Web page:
The bulk polymerization system 1 has a feed funnel 2 for introduction of the raw material mixture including the monomers, initiators, chain transfer agents, and additives. The mixture is fed through funnel 2 to a conventional compounding tank 3 where the ingredients are thoroughly mixed. The mixed ingredients are then passed through a 0.2 micron filter 4 which is made of, preferably nylon 66 or Teflon™ to remove essentially all undissolved impurities having a diameter greater than 0.2 microns. The preferred filter is sold under the tradename ULTIPOR N.sub.66 by Pall Puerto Rico, Inc., Fajardo, Puerto Rico, USA 00648. The filtered raw material mixture is then fed to a vacuum tank 5. Vacuum pump 6 draws a vacuum on the tank 5 for approximately 20-30 minutes to establish and maintain a vacuum of 20+ psi to draw off oxygen, air and other gaseous impurities that may be found in the mixture. After vacuum treatment the mixture is then placed in a plurality of bags 7, also known as cells 7. The cells or bags 7 are preferably made of nylon 66 film and are selected in size of the cell and thickness of the cell wall or film so as to provide relatively high surface area for the mixture contained within the bag and to provide a clean container in which the polymerization reaction takes place. Preferably the thickness of the filled bag should be less than 11/4 inches after a particular bag has been filled with mixture from the tank 5. The thickness of the nylon 66 cell wall is preferably 1-3 mils in thickness. The plurality of bags are then placed on racks or trays and placed into a large reaction chamber 8, which at various times functions as either an oven, or as a cooling chamber and in which a batch of mixture filled bags 7 is polymerized. The dimensions of the bags 7, the racks in which the bags are held, and the reaction chamber 8 have been designed to provide relatively high surface area of the bags. The bags 7 are exposed to the ambient temperature within the reaction chamber 8 and the temperatures of the polymerizing mixture within each bag are kept very near to the ambient temperature within the reaction chamber 8 during either heating or cooling. The reaction chamber 8 is provided with a conventional heating system 9, a conventional cooling system 10, and a conventional temperature control system 11 for establishing and maintaining a desired temperature at desired times within the reaction chamber 8. The temperature control system 11 is a conventional microprocessor control system which maintains a deviation of + or -0.5.degree. C. from a programmed temperature.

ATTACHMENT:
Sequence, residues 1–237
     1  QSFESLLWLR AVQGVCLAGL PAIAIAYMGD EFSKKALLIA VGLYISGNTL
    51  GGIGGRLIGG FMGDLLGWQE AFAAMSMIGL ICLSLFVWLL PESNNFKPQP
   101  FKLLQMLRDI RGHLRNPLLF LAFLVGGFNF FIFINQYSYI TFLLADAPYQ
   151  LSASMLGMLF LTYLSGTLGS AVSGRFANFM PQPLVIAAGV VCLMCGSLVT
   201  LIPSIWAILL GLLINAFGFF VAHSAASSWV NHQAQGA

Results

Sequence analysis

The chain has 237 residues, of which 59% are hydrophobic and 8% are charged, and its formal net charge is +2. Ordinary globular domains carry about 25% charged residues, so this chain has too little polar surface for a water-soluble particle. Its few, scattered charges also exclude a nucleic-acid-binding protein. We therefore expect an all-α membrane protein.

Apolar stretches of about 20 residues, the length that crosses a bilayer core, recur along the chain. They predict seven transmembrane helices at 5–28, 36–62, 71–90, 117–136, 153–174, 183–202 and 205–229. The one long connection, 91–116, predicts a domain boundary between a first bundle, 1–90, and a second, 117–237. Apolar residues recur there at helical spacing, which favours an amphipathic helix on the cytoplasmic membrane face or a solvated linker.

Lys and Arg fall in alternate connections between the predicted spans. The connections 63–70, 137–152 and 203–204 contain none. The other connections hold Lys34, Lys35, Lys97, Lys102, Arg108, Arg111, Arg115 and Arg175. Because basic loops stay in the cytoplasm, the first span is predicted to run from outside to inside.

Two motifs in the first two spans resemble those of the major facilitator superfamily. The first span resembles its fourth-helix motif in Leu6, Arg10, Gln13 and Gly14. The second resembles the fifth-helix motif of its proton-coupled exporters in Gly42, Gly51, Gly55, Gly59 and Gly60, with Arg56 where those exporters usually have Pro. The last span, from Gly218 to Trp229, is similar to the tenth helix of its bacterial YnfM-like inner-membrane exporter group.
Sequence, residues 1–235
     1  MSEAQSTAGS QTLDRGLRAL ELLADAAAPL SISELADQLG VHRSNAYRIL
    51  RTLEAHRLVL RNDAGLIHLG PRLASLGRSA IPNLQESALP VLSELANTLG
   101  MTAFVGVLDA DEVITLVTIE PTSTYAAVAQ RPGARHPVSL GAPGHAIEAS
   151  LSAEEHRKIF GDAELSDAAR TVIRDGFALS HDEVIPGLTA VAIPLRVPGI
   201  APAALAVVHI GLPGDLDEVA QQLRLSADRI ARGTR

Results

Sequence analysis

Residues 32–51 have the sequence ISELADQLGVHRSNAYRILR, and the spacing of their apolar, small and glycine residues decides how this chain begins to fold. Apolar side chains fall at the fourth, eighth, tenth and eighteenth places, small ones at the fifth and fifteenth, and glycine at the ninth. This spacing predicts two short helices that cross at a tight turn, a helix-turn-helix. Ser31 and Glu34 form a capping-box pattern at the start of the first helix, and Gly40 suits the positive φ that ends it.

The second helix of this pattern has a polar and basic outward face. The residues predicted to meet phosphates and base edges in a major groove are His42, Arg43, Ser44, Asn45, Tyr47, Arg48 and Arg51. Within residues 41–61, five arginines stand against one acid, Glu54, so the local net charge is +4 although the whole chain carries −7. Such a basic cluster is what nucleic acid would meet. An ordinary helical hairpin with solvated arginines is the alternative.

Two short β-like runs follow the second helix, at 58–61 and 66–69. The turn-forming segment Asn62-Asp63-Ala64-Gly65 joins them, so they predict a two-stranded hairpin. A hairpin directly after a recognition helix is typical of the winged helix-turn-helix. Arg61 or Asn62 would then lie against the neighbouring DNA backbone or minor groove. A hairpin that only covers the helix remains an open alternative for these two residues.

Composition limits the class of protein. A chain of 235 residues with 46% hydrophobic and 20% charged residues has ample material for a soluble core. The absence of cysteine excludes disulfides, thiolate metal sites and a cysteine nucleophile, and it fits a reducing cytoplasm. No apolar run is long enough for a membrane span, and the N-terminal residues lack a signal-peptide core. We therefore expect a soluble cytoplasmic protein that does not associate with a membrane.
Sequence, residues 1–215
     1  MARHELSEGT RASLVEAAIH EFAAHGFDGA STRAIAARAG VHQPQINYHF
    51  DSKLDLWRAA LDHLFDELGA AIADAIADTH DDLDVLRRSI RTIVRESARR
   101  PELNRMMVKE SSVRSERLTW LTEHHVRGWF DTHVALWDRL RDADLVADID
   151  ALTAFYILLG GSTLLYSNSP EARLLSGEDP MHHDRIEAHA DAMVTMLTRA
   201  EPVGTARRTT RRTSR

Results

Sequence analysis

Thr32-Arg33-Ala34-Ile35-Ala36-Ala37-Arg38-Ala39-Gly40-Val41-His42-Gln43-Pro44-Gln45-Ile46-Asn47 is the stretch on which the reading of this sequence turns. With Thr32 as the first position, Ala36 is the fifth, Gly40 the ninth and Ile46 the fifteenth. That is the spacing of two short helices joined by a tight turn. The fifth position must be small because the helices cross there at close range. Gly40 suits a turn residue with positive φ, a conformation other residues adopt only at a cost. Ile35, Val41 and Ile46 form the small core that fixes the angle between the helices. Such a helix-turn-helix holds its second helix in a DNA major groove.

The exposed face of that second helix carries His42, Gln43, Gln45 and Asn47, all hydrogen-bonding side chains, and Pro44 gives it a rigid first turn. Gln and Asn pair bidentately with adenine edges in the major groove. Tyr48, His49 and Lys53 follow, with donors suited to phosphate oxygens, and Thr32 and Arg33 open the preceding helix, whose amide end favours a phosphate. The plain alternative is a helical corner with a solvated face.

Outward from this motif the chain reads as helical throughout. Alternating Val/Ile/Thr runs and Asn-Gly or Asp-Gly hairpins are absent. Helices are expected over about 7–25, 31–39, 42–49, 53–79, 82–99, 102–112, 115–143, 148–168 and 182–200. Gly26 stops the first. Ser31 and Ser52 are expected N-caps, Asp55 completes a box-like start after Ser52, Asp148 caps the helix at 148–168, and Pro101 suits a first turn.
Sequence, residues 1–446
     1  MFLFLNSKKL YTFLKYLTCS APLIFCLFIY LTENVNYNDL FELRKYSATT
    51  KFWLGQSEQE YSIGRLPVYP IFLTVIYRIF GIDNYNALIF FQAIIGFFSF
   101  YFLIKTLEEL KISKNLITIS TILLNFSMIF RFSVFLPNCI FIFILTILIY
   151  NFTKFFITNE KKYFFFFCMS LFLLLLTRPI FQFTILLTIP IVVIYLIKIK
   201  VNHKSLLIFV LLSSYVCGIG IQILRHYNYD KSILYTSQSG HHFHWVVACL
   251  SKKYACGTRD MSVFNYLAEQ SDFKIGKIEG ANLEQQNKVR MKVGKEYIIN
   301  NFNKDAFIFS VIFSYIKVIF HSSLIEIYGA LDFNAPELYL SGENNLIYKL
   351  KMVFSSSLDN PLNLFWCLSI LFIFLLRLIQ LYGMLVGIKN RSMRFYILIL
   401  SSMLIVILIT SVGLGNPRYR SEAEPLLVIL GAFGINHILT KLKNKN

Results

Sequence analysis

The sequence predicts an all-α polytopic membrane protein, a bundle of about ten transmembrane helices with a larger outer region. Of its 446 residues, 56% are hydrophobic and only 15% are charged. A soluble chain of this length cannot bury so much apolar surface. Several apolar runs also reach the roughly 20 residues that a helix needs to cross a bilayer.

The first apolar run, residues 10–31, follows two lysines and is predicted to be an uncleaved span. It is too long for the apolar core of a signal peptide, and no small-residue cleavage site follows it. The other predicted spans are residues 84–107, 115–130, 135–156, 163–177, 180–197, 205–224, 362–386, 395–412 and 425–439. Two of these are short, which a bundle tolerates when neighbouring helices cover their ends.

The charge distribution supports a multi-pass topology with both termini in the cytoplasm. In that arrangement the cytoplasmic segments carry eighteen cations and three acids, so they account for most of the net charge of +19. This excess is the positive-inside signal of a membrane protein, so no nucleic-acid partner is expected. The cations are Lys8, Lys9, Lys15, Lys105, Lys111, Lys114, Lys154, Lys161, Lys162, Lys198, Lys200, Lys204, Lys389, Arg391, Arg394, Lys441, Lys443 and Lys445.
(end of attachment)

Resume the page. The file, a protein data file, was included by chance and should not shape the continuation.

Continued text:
During polymerization of the mixture within the reaction chamber 8, various temperature-time conditions will provide usable, preferable, or optimum high temperature heat resistant acrylic polymers of the present invention. Below are listed in Table I, Table II and Table III the usable, preferred and optimum time-temperature conditions for the acrylic polymers of the present invention.